Without significant progress towards the provision of palliative care to people dying with non-cancer conditions, we are not meeting the needs of those who could benefit from palliative care under contemporary definitions. Data provided at a population level greatly assists the delivery of health services and can be used to promote greater access to palliative care for people dying of non-cancer conditions. This paper uses population-based Australian data to examine trends in palliative care provision across a ten-year period. The study investigates whether people dying of non-cancer conditions are getting greater access to specialist palliative care, given current definitions and clinical evidence to support the need for such care. It also explores other socio-demographic inequities in order to highlight areas of under-developed specialist palliative care service provision. There is ongoing concern that older people  and people living in rural areas [16, 17] may be missing out on specialist palliative care. Drawing on an earlier Australian study which defined conditions considered potentially amenable to palliative care , this study traces specialist palliative care service use in the last year of life by accessing linked mortality, hospital morbidity and community nursing and medical services records.
This was a retrospective cohort study of the last year of life of persons who had an underlying cause of death potentially amenable to receiving palliative care. A de-identified and linked extraction of death records, hospital morbidity records and community-based care records of persons who died in Western Australia (WA) from 1st January 2009 to 31st December 2010 was obtained from the Data Linkage Branch at the WA Department of Health. The data extraction also included geo-coded and type of residence information based on decedent’s residential address at time of death and at each hospital admission. Ethical approval to conduct this study was provided by Human Research Ethics Committees at the WA Department of Health and Curtin University.
The cohort was identified by any mention of one or more of the 10 disease conditions considered amenable for palliative care as defined by Rosenwax et al.  coded anywhere in Part I (underlying cause of death) of the death certificate. The 10 disease conditions were cancer, heart failure, renal failure, liver failure, chronic obstructive pulmonary disease, Alzheimer’s disease, motor neurone disease, Parkinson’s disease, Huntington’s disease and HIV/AIDS. The International Classification of Disease (ICD)-10-Australian Modification codes used to identify the disease conditions are supplied as Additional file 1: Table S1.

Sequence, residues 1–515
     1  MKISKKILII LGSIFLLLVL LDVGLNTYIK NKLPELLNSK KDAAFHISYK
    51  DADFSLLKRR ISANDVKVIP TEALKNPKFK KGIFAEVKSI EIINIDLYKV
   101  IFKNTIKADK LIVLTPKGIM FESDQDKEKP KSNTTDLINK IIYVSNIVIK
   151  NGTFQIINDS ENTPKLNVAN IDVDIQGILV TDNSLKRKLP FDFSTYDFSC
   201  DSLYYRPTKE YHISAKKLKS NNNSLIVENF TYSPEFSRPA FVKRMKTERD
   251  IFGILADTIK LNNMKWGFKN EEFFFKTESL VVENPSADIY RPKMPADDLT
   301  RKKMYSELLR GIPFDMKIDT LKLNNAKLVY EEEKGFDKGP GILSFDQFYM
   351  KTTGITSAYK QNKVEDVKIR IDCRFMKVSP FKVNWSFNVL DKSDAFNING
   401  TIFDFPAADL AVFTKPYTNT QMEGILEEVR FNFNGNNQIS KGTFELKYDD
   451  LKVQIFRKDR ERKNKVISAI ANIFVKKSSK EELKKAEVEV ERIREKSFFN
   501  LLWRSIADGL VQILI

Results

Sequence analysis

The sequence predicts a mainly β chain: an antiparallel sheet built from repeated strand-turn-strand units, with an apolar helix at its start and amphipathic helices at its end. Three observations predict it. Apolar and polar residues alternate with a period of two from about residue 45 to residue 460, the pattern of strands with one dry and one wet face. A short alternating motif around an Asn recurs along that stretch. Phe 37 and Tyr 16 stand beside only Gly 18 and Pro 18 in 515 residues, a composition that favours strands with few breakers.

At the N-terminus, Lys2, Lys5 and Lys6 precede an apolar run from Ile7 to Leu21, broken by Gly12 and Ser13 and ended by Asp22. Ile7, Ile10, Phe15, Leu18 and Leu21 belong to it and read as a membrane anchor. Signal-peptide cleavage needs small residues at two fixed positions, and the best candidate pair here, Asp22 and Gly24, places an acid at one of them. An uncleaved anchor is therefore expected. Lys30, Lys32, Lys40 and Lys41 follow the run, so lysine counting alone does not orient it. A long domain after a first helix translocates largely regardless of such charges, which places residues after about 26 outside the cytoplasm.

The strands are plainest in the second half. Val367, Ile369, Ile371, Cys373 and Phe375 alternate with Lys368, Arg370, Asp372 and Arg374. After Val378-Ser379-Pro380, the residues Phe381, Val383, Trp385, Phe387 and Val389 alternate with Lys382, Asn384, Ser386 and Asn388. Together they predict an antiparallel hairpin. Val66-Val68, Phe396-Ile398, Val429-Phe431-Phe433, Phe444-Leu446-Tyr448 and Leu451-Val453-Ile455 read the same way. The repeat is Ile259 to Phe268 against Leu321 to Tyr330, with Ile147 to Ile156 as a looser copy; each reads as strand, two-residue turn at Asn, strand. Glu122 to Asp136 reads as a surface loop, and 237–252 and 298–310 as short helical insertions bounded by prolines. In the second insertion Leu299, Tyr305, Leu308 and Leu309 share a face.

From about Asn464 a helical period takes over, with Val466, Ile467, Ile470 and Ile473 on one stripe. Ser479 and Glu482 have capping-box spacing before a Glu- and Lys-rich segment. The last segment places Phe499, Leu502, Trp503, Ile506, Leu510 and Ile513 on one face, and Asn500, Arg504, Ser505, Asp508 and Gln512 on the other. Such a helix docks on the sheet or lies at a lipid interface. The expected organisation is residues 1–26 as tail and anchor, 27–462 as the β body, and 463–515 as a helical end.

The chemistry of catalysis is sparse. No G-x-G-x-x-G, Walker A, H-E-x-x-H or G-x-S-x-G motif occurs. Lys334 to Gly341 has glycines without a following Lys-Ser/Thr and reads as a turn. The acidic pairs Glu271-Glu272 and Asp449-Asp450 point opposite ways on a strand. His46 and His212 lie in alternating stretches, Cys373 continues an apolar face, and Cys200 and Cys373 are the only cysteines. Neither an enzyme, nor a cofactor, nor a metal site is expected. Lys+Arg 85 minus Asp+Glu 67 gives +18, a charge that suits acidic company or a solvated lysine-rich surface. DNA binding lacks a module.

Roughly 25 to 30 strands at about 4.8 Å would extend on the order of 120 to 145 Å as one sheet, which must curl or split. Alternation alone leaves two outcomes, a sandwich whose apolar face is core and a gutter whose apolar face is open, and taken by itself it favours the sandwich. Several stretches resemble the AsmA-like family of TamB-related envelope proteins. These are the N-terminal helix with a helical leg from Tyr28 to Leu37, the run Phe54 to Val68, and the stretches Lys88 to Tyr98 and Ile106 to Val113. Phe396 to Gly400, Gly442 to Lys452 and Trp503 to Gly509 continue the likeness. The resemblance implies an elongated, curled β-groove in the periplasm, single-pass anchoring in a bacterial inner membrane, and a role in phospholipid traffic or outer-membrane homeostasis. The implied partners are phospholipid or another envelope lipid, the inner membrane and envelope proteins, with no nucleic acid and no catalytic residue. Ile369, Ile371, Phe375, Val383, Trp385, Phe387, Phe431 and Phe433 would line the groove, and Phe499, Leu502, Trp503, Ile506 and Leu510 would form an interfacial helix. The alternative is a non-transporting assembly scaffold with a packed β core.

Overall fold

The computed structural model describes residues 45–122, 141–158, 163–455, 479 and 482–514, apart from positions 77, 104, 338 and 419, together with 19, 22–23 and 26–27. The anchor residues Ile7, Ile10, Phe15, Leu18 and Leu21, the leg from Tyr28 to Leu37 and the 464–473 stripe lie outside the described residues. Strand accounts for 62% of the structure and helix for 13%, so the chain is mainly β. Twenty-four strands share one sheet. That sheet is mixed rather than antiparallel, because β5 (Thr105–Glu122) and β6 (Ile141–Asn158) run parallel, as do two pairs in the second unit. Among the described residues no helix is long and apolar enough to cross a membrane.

For decedents with more than one of the disease conditions mentioned on Part 1 of the death certificate, a hierarchical approach based on the death certification concept of underlying cause was used to classify the principal disease condition . For example, a decedent with liver failure listed as the direct cause of death but who also had carcinoma of pancreas recorded as the underlying antecedent cause was assigned as having cancer as the principal disease condition amenable to palliative care. We note that using these classification rules meant that the principal disease condition did not always match the final single underlying cause of death. For example, a decedent with heart failure listed as a direct cause of death may have had atrial fibrillation listed as the final underlying cause of death but was still classified as heart failure being the principal disease condition amenable to palliative care for the purposes of this study. Information from Part II of the death certificate (other significant conditions contributing to death but not related to the condition causing it) was not used to classify disease conditions amenable to palliative care here.
To directly compare findings here with those of a study performed ten years earlier , the disease conditions considered amenable to palliative care in each decedent were further grouped into being cancer conditions only, cancer and non-cancer conditions or non-cancer conditions.
Defining specialist palliative care
Specialist palliative care was defined as receiving specific community-based or hospital-based palliative care. Community-based care data was provided by Silver Chain WA, a not-for-profit organisation that provides over 90 % of all in-home health and care and 100 % of in-home palliative care in WA . Silver Chain community-based palliative care is only provided with a referral from a medical practitioner and includes at-home physical care and practical support, symptom management (for example pain, nausea), counselling and respite care. This community-based palliative care may occur in private residences or in non-hospital care facilities and was mostly restricted to major urban areas and some country areas.
Hospital-based palliative care in WA is classified as care in a hospital palliative care unit, in a designated palliative care program or under the principal clinical management of a palliative care physician or when the clinical intent of care is palliation. Hospital-based palliative care was identified from hospital morbidity records where the episode of care was coded as palliative and can be provided by most major metropolitan, country hospitals and both private and public hospices .
Social and demographic variables